Amidst the whiteout of a North Dakota winter, the Coen Bros gave us one of the great noir movies of all time in 1992 - Fargo - and Miami-born William H Macy, who is 61 today, was the tragic, pathetic, alienated star. He was helped, of course, by the dream support crew of Frances McDormand and Steve Buscemi.
WH, with his Elisha Cook Jnr looks, is clearly a noir star born out of time. Even so, he has put together an impressive list of movies of interest to noir fans. In the Michael Caine tradition, the story is that he charges a reasonable fee, is always professional in his work and therefore provides good value for money. He has no illusions about the source of his screen persona. "I was a dog in a past life," he explains laconically, "Really. I'll be walking down the street and dogs will do a sort of double take. Like, Hey, I know him!"
Macy in Radio Days
He first caught my eye in Woody Allen's handmade homage to the 40s, Radio Days (1987), in a brief scene as a radio actor - he looked completely at home. At this time, he working a lot with David Mamet, who used him briefly in Things Change (1988), in the theatre, and then much more substantially in Homicide (1991), a tour de force for Joe Mantegna in the lead role. Macy and Mamet formed the St Nicholas Theatre Company together. William's love of theatre has remained with him throughout his life, both as performer and teacher. He holds a position as director-in-residence at the Atlantic Theatre Company in New York. "Directors work 10 times harder than anyone else," he says, " And get paid a quarter."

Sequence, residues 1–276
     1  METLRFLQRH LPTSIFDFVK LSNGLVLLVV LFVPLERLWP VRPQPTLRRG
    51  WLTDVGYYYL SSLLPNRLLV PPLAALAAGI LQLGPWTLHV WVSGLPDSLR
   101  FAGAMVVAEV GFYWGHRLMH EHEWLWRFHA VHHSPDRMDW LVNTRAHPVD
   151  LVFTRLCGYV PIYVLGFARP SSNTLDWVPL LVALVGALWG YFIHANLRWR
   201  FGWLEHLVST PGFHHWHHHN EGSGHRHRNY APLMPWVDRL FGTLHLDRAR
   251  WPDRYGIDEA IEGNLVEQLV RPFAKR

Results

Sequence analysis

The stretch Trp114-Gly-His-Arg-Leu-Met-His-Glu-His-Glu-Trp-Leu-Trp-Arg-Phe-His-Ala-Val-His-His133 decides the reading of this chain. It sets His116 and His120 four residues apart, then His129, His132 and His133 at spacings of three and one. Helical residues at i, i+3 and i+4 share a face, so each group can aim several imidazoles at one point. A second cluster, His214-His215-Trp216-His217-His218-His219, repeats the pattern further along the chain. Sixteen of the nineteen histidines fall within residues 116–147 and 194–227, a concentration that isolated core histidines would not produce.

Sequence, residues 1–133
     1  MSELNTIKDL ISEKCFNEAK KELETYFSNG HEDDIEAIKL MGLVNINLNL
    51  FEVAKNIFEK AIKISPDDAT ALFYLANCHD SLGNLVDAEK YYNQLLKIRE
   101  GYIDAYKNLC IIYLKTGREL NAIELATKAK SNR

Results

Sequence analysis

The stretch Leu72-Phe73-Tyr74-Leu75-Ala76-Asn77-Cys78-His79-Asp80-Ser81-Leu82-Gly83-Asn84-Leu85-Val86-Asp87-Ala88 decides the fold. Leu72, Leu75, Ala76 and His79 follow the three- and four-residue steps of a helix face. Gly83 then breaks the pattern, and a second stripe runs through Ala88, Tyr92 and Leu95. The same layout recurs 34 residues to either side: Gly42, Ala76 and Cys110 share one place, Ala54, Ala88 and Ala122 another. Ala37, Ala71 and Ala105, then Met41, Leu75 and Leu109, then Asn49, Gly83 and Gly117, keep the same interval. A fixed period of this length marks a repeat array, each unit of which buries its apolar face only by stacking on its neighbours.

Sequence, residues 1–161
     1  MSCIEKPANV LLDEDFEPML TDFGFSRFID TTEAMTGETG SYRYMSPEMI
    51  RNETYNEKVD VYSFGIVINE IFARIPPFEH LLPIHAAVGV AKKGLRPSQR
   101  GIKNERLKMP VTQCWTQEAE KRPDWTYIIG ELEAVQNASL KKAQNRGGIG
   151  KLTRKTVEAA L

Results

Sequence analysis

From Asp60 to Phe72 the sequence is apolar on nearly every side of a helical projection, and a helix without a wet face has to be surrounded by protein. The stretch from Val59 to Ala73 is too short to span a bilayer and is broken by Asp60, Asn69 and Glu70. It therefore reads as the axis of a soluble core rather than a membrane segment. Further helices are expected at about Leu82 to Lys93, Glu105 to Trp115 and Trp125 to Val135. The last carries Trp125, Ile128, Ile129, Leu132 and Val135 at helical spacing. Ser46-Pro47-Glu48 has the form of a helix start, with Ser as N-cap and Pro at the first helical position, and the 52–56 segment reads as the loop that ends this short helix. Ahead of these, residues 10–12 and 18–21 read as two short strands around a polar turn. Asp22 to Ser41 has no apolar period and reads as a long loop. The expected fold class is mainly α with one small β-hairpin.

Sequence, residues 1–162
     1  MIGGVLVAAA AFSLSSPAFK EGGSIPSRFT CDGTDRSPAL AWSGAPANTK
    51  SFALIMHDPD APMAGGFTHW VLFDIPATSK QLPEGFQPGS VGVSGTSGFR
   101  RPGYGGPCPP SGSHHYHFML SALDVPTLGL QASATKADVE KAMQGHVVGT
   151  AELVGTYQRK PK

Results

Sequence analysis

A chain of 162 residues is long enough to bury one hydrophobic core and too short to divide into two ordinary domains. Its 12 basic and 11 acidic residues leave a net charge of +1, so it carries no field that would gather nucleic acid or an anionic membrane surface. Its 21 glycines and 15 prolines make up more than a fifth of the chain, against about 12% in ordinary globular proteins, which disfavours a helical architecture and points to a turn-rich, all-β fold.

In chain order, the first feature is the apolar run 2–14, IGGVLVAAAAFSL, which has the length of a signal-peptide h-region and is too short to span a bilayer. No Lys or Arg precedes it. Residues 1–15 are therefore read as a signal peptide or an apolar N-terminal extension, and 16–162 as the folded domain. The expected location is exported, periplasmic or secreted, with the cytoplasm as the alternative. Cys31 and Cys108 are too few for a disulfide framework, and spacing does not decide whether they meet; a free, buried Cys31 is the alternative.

By the time he got to Fargo, and after fifteen years of being a jobbing actor, WH was probably beginning to wonder if he'd made the right career choice, but then along came the Brothers Coen and things changed. He had a convincing role in Hit Me (1996), an under-rated heist movie based on a Jim Thompson novel; teamed up with Joe Mantenga again in Jerry & Tom (1997), a tale of two hit men; was the father in the wonderful Pleasantville (1998) and finished the decade with the lead role as the unwilling hitman Alex in Panic (1999) - a film not to be missed!
The new century continued to see William on top form in increasingly dramatic roles. Focus (2001) set in the dying days of WWII in Brooklyn is a gem of a movie; Welcome to Collinwood (2002) showed his lighter side; The Cooler (2003) was tailor-made for him; and Edmond (2005), another David Mamet production, gave him the opportunity to explore the full range of his performance.
More recently, WH has been TV-bound with the US version of Channel 4's Shameless. It's a role that he loves. "My task in this thing is to remain as irascible as I can be without losing the audience completely," he says, "It's a challenge, but I was born to play this role."
The trailer for the extraordinary Panic
William plays the ukelele - not many people know that